Moses's blessing has little in common with the rest of Deuteronomy and was probably composed independently of Deuteronomy. Its psalmodic style suggests that it originally had a litur-gical function and was perhaps recited at a festival at which all the tribes, or their representatives, gathered. Language and contents suggest that it was composed some time between Israel's settlement in the promised land ca. 1200 BCE and the exile of the northern tribes in 721 B.C.E. It must have been incorporated in Deuteronomy because it was attributed to Moses and, by looking back on a successful conquest of the promised land, foretells the conquest.
As one of the last two chapters in the Torah, the blessing is read in the synagogue on Simhat Torah, the "Celebration of the Torah," the festival at which the annual cycle of reading the Torah is completed.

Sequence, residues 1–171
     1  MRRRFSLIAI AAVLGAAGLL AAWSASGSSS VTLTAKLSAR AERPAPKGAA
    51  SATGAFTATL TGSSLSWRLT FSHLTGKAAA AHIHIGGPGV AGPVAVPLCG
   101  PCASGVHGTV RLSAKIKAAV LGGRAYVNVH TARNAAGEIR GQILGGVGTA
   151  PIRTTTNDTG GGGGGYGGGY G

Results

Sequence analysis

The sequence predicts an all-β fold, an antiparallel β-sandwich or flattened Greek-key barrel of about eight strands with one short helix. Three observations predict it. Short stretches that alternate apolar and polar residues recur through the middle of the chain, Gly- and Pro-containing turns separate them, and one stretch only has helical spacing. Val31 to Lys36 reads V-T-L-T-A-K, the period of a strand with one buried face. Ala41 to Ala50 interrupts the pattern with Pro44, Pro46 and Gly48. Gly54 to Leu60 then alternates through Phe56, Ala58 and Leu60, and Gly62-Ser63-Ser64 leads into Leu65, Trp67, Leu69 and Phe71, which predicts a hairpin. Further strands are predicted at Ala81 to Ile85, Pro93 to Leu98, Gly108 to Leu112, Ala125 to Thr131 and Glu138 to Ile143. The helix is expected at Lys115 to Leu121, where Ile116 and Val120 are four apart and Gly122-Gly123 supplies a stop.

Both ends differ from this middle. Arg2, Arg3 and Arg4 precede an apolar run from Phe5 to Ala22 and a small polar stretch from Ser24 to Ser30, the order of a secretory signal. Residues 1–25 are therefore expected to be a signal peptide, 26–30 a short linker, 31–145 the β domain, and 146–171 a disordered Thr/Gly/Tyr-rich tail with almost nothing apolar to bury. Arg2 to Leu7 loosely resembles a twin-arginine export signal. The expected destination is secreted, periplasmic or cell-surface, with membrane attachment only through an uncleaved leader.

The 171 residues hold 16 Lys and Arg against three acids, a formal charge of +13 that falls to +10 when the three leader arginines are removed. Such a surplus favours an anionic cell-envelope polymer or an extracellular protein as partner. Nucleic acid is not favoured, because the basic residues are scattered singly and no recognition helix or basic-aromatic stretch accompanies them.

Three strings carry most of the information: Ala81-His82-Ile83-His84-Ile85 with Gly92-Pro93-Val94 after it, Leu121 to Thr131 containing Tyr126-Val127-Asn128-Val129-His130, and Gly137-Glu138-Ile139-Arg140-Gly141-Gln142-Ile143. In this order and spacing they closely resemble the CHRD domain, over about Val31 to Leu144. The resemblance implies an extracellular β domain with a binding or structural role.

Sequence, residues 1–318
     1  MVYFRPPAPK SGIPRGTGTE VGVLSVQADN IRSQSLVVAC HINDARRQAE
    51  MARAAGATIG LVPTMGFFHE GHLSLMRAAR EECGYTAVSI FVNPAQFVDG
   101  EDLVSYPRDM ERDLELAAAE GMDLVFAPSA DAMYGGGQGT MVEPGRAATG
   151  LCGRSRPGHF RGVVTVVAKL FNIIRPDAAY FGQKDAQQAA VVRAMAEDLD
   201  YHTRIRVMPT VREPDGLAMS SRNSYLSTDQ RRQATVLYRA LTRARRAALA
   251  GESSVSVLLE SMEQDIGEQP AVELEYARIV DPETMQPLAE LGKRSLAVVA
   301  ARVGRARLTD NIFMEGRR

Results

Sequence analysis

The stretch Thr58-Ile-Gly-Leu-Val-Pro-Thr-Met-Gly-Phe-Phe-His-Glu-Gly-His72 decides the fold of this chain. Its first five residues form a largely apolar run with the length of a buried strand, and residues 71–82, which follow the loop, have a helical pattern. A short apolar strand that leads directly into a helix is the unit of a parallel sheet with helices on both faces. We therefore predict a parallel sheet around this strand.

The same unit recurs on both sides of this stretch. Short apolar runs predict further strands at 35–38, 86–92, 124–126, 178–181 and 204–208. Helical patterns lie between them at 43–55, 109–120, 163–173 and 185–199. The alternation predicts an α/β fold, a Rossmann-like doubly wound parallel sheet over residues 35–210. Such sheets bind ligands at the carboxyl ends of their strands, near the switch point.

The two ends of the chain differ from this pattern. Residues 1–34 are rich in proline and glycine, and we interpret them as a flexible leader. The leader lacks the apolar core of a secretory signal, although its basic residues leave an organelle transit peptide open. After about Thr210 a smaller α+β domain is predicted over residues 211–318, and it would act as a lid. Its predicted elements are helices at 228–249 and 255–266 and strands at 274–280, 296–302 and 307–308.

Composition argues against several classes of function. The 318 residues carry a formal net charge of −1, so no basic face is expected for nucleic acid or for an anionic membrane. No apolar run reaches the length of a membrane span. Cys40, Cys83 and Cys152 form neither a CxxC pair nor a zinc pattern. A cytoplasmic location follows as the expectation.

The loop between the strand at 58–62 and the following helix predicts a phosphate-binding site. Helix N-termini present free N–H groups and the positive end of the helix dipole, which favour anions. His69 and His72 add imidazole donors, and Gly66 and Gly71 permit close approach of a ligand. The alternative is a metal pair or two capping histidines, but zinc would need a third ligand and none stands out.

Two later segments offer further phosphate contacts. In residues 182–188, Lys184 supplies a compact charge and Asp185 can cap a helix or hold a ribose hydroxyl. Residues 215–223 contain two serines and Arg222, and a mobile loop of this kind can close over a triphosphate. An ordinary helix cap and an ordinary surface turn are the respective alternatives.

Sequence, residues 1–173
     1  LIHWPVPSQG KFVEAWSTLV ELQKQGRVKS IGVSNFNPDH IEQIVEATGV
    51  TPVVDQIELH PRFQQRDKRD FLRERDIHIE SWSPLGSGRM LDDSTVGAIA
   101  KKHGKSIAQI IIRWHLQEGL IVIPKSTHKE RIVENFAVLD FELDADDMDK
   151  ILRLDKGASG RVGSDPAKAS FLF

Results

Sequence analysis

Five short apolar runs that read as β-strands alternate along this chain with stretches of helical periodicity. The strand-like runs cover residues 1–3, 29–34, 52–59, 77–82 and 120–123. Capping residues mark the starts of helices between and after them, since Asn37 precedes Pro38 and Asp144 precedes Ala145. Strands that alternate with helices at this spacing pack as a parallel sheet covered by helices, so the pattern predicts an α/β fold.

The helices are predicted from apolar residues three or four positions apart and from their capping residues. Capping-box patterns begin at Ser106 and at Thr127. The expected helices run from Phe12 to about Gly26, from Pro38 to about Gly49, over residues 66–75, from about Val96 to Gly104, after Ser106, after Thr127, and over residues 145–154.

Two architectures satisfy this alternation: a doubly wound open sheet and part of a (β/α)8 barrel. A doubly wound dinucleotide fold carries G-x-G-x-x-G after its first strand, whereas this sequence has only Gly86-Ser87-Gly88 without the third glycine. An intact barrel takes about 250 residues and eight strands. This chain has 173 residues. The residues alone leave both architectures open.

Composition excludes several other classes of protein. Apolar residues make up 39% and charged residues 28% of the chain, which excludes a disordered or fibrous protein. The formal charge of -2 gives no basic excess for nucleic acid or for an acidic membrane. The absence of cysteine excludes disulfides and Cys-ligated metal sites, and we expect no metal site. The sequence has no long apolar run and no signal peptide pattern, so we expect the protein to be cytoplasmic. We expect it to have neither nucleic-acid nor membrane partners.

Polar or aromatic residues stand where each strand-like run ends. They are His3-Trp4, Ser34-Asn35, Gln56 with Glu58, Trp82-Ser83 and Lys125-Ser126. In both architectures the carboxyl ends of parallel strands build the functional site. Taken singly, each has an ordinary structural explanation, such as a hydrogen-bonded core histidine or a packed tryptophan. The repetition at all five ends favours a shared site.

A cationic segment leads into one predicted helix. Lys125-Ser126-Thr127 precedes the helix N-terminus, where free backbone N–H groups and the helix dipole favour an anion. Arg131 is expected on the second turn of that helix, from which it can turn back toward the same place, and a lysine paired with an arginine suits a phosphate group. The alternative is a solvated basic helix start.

Jeffrey H. Tigay
Ellis Professor of Hebrew and Semitic Languages and Literatures
University of Pennsylvania
U. Cassuto, Biblical and Oriental Studies (Jerusalem, 1973), 1:47-70;
F.M. Cross and D.N. Freedman, Studies in Ancient Yahwistic Poetry (Missoula,
Montana, 1975), pp. 97-122; O. Eissfeldt, The Old Testament: An Introduction
(New York, 1965), pp. 227-231; A. RofE, Mavo le-Sefer Devarim
(Jerusalem, 1988), Chap. 20; T.H. Gaster, "An Ancient
Eulogy on Israel: Deuteronomy 33:3-5, 26-29," JBL 66 (1947):53-62; I.L.
Seeligmann, "A Psalm from Pre-regal Times," VT 14 (1964):75-92.